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Effect of early monocular enucleation upon ocular dominance columns and cytochrome oxidase activity in monkey and human visual cortex

  • JONATHAN C. HORTON (a1) and DAVINA R. HOCKING (a1)
  • Published online: 01 February 1998
Abstract

We examined cytochrome oxidase (CO) activity in striate cortex of four macaque monkeys after monocular enucleation at ages 1, 1, 5, and 12 weeks. These animal experiments were performed to guide our interpretation of CO patterns in occipital lobe specimens obtained from two children who died several years after monocular enucleation during infancy for tumor. In the macaques, the ocular dominance columns were labelled by injecting [3H]proline into the remaining eye. After enucleation at age 1 week, ocular dominance columns were eliminated in layer IVcβ, resulting in a uniform pattern of autoradiographic label and CO staining. However, columns could still be seen in wet, unstained sections and with the Liesegang silver stain. Autoradiographs through layers IVcα and IVa showed residual, shrunken columns belonging to the missing eye, indicating that enucleation has less drastic effects in these layers. In the two human cases, enucleation at age 1 week also resulted in uniform CO staining in layer IVc. In the macaque after enucleation at age 5 weeks, ocular dominance columns belonging to the missing eye were severely narrowed, but still occupied 20% of layer IVcβ. CO revealed wide, dark columns alternating with thin, pale columns in layer IVcβ. The CO pattern and the columns labelled by autoradiography matched perfectly. After enucleation at age 12 weeks, only mild shrinkage of ocular dominance columns occurred. Enucleation at ages 1, 5, and 12 weeks did not alter the pattern of thin-pale–thick-pale stripes in V2. The main findings from this study were that (1) CO histochemistry accurately labels the boundaries of columns in layer IVcβ of macaque striate cortex after early monocular enucleation, making it a suitable technique for defining the critical period for plasticity of ocular dominance columns in human striate cortex; (2) enucleation causes more severe shrinkage of ocular dominance columns than eyelid suture; (3) early monocular enucleation obliterates ocular dominance columns in layer IVcβ, but their pattern remains visible in wet sections and with the Liesegang stain; and (4) enucleation does not affect CO staining in V2.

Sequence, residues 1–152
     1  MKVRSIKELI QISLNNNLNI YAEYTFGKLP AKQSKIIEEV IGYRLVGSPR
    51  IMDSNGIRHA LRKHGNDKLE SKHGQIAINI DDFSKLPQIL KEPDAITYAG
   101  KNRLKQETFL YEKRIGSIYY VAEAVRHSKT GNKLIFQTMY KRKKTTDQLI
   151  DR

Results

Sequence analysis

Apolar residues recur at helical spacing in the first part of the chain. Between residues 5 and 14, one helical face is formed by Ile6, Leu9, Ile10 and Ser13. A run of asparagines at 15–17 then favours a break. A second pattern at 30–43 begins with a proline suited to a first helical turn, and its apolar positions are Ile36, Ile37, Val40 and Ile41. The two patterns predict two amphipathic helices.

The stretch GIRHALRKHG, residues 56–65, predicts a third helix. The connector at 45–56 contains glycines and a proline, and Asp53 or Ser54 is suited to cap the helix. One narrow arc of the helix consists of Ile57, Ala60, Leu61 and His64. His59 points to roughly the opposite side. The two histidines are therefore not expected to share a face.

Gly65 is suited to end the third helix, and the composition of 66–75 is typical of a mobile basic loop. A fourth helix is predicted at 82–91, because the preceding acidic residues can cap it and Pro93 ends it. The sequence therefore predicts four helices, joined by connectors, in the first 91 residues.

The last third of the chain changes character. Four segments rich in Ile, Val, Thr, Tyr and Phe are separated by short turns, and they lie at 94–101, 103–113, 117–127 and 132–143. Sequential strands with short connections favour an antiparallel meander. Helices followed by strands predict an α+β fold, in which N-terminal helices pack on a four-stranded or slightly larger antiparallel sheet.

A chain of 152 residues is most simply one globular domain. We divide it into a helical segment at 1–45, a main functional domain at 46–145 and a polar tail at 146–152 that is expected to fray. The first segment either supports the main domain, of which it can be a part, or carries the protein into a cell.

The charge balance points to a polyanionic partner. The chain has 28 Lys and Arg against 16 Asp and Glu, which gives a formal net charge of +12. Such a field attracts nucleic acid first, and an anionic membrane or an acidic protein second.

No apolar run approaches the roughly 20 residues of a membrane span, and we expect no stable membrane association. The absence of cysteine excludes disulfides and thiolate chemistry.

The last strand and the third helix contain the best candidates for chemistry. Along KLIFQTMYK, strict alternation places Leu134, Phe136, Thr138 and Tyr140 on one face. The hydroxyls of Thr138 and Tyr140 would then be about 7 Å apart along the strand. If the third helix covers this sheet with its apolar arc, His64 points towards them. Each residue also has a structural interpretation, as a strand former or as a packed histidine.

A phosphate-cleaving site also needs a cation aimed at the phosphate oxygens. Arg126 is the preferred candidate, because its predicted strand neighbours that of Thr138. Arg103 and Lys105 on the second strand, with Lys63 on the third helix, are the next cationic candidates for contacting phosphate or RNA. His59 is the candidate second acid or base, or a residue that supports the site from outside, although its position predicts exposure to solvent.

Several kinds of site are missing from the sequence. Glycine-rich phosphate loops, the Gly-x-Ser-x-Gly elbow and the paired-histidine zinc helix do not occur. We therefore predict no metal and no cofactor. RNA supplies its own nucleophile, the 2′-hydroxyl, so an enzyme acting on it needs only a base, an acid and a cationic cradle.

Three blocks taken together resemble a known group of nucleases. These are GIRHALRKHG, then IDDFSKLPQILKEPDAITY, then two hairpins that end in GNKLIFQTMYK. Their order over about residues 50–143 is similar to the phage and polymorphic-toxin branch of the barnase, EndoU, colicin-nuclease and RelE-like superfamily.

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Corresponding author
Reprint requests to: Jonathan C. Horton, Beckman Vision Center, 10 Kirkham Street, K-301, University of California, San Francisco, CA 94143-0730, USA.
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Visual Neuroscience
  • ISSN: 0952-5238
  • EISSN: 1469-8714
  • URL: /core/journals/visual-neuroscience
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